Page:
I've long argued that a majority of Americans are ultimately fair minded...though they are frequently slow to shed fears that can prevent them from making objective conclusions. In the case of homosexuality, the religious right has sought to cloak their hatred and bigotry as a simple adherence to morality. Unfortunately, more and more citizens are able to recognize the true agenda of those opposed to same-sex marriage...which is actually an effort to prevent the codifying of any gay rights.
The fact that gays have sought the full array of rights has, to a degree, allowed the religious right the leeway to disguise their agenda as well as distort the agenda of the gay community. That dynamic has served to heighten fears and relegate a rational discussion of basic rights to the back burner.
While I'm concerned that the California ruling has the potential to initiate a backsliding or a backlash against gays, the ruling of the court, coupled with Governor Paterson's clearly articulated justification for granting basic rights and recognitions to same-sex couples, may be the point at which fair Americans realize that they can't allow their reservations about homosexuality to be the impetus to deny rights to their fellow citizens.
The following video is today's announcement by the Governor detailing the directive and the rationale by which it has been issued.
Tagged as: California, Civil Unions, Equality, Gay Marriage, Governor Paterson, LGBT, Massachusetts, New York, Same-Sex Marriage
Daniel DiRito | May 29, 2008 | 10:49 AM |
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In the following video segment, Stephen discusses the Bible and the recent ruling of the California Supreme Court on gay marriage with Tony Perkins, President of the Family Research Council. Perkins and his organization are rabidly anti-gay and it's obvious that he's uncomfortable throughout his conversation with Colbert (unfortunately many of these right wingers have no sense of humor).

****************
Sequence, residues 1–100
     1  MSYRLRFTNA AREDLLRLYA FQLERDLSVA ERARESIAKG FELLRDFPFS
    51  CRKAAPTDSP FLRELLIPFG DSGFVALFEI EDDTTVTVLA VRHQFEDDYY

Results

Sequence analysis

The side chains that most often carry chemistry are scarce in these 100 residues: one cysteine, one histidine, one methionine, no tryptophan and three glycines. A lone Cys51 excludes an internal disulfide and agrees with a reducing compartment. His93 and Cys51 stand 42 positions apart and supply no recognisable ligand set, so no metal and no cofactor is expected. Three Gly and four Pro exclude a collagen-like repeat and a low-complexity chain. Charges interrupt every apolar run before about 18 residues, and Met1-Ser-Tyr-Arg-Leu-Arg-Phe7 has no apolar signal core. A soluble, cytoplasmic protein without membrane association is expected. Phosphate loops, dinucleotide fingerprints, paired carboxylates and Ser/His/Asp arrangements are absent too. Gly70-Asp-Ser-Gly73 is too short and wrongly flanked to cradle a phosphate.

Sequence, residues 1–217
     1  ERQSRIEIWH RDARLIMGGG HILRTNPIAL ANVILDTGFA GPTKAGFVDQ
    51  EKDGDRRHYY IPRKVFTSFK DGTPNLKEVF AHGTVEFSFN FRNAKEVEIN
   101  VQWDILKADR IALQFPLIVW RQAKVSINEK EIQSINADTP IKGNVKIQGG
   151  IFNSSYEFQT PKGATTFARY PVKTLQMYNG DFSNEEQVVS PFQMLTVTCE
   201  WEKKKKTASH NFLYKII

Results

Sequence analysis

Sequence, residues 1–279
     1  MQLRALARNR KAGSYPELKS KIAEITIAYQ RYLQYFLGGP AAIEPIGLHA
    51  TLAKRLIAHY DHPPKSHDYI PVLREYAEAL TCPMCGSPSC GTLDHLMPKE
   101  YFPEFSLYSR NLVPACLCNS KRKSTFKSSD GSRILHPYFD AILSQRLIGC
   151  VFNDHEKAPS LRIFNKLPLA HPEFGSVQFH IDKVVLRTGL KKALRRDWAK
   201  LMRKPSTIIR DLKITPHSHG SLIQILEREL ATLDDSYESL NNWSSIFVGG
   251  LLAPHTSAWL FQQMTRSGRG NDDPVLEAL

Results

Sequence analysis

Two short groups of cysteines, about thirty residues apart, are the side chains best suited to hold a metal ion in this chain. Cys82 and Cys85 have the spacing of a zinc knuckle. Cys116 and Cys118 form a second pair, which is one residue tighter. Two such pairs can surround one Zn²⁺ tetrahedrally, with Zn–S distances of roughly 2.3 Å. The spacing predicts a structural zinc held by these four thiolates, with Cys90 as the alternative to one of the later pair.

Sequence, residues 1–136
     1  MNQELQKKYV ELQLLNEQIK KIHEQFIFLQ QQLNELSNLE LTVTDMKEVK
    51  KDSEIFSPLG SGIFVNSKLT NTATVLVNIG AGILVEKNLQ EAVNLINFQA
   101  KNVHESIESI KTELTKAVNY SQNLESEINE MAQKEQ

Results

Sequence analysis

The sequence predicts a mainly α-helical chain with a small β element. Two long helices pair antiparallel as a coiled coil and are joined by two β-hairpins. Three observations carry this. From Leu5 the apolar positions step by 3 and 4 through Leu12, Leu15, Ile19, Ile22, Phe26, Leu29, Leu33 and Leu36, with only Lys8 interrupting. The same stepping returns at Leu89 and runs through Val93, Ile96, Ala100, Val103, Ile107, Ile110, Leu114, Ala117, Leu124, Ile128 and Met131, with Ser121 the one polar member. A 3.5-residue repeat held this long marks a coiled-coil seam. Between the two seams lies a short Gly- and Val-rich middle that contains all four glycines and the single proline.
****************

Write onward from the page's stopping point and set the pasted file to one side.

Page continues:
I always enjoy watching the holier than thou squirm when confronted with some of the inconsistencies found in their dogma...and Colbert is one of the best at exposing them. I'm sure Perkins couldn't wait for the segment to end.
Tagged as: Bible, Colbert Report, Faith, Family Research Council, Gay marriage, LGBT, Religion, Same-Sex Marriage, Stephen Colbert, Tony Perkins
Daniel DiRito | May 28, 2008 | 9:04 AM |
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Sometimes the best way to point out the absurdity of an opinion is to offer one that is even more absurd. The following video does just that.
In taking on the issue of banning homosexuality and offering seven reasons in favor of doing so, the video succeeds in making a credible argument in support of granting gays equal status.
No doubt many of the arguments against granting gays the same rights as their heterosexual counterparts lack rationality. This video helps to highlight the irrationality that is so often a part of prejudice.
Tagged as: Equal Rights, Equality, Gay, Gay Marriage, LGBT, Same-Sex Marriage, Satire
Daniel DiRito | May 25, 2008 | 11:51 AM |
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Don't Ask, Don't Tell has been the standard used by the military to determine if a gay service person should be discharged from the military ever since the first Clinton administration attempted to completely remove the long standing ban. At the time, the DADT compromise was thought to be the best that could be achieved. Despite the change, countless numbers of loyal and committed service persons have had their careers ended simply because they are gay.
That may be about to change if the ruling of an appellate court is allowed to stand. The ruling states that the government can no longer rely upon the assertion that the discharge should be automatic if a service member's homosexuality is disclosed. The government has previously argued that once a service person's homosexuality becomes apparent, it is a threat to unit cohesion and morale. The court ruling disagrees, stating that the government needs to provide evidence to that effect with regard to the individual being discharged.